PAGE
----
July 22, 2020 4 min read

With the hectic schedules that youth athletes have, with 8 hours of school often sandwiched between double training sessions and trying to find time to socialise, fuelling for training sessions can be tough. The ideal scenario of a high carbohydrate meal eaten 2-3 hours before training starts isn’t always possible. Especially when athletes are rushing to practice straight from school or other activities. But that doesn’t mean fuelling the body for a session is impossible!

Before Training

Youth athletes training sessions usually have to fit around their school days. This means early morning wake ups for sessions before school even begins, or quick dashes to the local pool or sports centre straight after a full day in the classroom. Or usually both. And this often doesn’t leave time for a full meal to fuel the body. If a full meal is out of the question, then opt for a high carbohydrate snack 30-60 minutes before the session begins. Choose carbohydrates with a relatively high glycemic index as these can be broken down and their energy released quicker and they’re less likely to cause stomach pains.

During Training

During any tough exercise lasting more than 60-90 minutes, your body’s energy stores will be depleted, even if your nutrition has been perfect in the build-up to training. The muscles can only store a certain amount of glycogen (energy) and this amount is likely to be lower in younger athletes [1]. Having something on hand to eat or drink before this happens will stop you from hitting the wall and running out of steam. This is even more important in younger athletes than adults, particularly so for boys, who use more energy from any food or drinks that are consumed than what is already stored in the body [1].

How Much Should I Be Eating?

For a quick fuel before exercise, youth athletes should aim to consume a snack or drink containing around 1-2g of carbohydrate per kg of body mass [4]. So, for a 50kg athlete that would be 50-100g of carbohydrate. Keep these low in fat and fibre to reduce the chance of causing stomach upsets.

 

For sessions lasting longer than 60 minutes, youth athletes should consume 30-60g of carbohydrate per hour of exercise [1]. While that might sound very complicated, it’s much simpler than it seems. For example, during a 90-minute football match, players should consume a food or drink containing 30-60g of carbohydrate and half time is the ideal time for this. These carbohydrates can either be consumed as liquids (drinks/ gels) or solids (food).

 

Tip: Use the nutrition labels to check exactly how much carbohydrates are in a product and figure out if it’s the right amount. 

Can I Eat More?

60g per hour is commonly referred to as the maximum amount of carbohydrate that should be consumed during exercise. To be used as energy, the carbohydrate that you eat, or drink needs to be broken down into glucose and absorbed from the small intestines. To do this the body uses what are called transporters. The transporters can only carry a certain amount of glucose at a time though (which is about 60g) meaning any excess will build up and cause a bottle neck.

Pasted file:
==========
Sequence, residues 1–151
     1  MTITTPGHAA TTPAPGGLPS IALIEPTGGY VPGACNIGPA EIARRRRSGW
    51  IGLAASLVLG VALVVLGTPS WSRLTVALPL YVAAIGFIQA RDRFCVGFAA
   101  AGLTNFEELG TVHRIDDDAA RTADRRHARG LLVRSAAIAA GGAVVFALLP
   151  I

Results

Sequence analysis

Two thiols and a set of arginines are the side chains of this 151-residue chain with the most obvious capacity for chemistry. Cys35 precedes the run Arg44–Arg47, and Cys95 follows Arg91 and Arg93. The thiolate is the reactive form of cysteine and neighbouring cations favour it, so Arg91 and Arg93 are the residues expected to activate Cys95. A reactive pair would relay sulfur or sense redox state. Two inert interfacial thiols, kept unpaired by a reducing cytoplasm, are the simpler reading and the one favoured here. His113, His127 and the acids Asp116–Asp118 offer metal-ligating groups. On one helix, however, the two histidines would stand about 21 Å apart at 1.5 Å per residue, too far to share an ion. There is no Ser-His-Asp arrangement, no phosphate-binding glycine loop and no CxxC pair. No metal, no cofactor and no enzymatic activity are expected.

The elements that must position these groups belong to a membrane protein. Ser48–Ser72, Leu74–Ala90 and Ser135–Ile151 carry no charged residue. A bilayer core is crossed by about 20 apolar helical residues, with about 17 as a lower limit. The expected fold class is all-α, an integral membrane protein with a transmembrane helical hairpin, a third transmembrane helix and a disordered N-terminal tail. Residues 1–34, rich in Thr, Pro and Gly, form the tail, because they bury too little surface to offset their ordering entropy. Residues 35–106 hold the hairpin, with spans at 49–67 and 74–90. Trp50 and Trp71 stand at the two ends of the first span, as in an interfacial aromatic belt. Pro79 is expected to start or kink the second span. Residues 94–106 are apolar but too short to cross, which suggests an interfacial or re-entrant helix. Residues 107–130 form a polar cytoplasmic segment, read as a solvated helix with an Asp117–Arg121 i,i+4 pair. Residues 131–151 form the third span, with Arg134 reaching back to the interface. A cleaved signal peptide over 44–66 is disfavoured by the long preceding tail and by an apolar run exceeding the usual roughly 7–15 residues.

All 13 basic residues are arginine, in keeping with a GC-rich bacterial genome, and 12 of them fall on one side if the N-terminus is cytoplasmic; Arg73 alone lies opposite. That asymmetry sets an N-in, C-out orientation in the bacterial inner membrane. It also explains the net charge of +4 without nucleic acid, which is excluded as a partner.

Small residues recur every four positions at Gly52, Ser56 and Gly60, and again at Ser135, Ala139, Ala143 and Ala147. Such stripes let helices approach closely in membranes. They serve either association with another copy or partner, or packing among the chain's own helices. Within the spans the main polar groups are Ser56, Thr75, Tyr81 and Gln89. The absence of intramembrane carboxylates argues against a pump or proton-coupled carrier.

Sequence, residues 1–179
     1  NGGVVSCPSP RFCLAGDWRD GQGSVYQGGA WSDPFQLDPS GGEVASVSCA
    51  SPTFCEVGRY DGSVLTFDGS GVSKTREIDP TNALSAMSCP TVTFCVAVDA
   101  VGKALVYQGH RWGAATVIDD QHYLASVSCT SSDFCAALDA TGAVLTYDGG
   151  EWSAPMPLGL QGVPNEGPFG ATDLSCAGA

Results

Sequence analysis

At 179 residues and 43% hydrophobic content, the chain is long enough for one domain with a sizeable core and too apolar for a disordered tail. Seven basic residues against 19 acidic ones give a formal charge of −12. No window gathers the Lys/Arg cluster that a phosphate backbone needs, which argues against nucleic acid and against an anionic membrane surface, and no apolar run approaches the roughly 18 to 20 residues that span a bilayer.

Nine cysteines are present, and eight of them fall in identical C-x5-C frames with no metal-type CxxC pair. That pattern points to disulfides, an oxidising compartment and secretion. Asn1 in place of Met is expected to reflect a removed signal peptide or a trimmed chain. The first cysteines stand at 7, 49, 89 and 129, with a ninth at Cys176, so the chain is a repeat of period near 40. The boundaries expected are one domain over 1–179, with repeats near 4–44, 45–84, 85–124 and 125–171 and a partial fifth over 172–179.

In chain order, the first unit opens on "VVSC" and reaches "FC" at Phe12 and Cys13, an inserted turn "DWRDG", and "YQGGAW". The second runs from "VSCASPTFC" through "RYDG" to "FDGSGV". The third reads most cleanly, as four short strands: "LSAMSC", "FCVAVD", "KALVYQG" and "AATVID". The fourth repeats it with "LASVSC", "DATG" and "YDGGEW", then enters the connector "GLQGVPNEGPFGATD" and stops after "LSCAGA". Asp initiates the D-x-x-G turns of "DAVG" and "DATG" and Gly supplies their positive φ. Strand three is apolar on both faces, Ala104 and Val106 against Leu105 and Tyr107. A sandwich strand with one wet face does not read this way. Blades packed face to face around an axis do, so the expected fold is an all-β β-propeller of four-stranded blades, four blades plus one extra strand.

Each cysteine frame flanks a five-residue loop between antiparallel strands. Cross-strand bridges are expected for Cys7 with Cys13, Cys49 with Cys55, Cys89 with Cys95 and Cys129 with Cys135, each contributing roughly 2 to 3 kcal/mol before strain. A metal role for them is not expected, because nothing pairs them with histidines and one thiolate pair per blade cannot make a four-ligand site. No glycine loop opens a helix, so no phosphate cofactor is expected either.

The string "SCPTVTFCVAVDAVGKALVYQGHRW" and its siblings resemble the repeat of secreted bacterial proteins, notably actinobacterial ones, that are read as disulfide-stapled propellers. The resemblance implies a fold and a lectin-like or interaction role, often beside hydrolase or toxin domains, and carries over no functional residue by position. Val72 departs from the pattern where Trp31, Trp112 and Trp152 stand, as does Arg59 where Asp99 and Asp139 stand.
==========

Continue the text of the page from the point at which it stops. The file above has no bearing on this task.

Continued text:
However, some carbohydrates like the ones found in fruit, are broken down into fructose, which has its own transporters separate to the ones above. This means that you can provide your body with extra fuel if the carbohydrates you consume are a combination of glucose and fructose. The ideal combination of glucose and fructose is 2:1. So if consumed in this ratio, the body can actually now digest and use 90g of carbohydrate for fuel [5]. This is a great strategy to use in very long and demanding activities, or when trying to quickly refuel between events.

 

There’s lots of research to show the benefits of consuming carbohydrates before and during various different exercise types, with improvements ranging from faster race times to reductions in time-to-exhaustion and exercise even feeling easier after a high carb refuel [3,4]. So, from now on, make sure your kit bags are packed with extra snacks for those long sessions!

 

Remember: If you’re making any changes to the food or drinks you eat, try this out during training and don’t do anything new on competition days!

 

 

References

  1. Hannon, M., Close, G., and Morton, J. (2020) Energy and Macronutrient Considerations for Young Athletes. Strength & Conditioning Journal, Publish Ahead of Print.
  2. Louise M. Burke , John A. Hawley , Stephen H. S. Wong & Asker E. Jeukendrup (2011) Carbohydrates for training and competition, Journal of Sports Sciences, 29:sup1, S17-S27, DOI: 10.1080/02640414.2011.585473
  3. Phillips SM, Turner AP, Gray S, Sanderson MF, Sproule J. Ingesting a 6% carbohydrate-electrolyte solution improves endurance capacity, but not sprint performance, during intermittent, high- intensity shuttle running in adolescent team games players aged 12-14 years. Eur J Appl Physiol 109: 811–821, 2010.
  4. Riddell MC, Bar-Or O, Wilk B, Parolin ML, Heigenhauser GJ. Substrate utilization during exercise with glucose and glucose plus fructose ingestion in boys ages 10–14 yr. J Appl Physiol 90: 903–911, 2001.

 

 

Emmy Campbell
Emmy Campbell

YSN Lead Nutritionist. Emmy holds a BSc. in Human Nutrition, MSc. in Sports Nutrition and is a Registered Associate Nutritionist (ANutr). Emmy is also on the Association for Nutrition (AfN) and The Sport and Exercise Nutrition Register (SENr).


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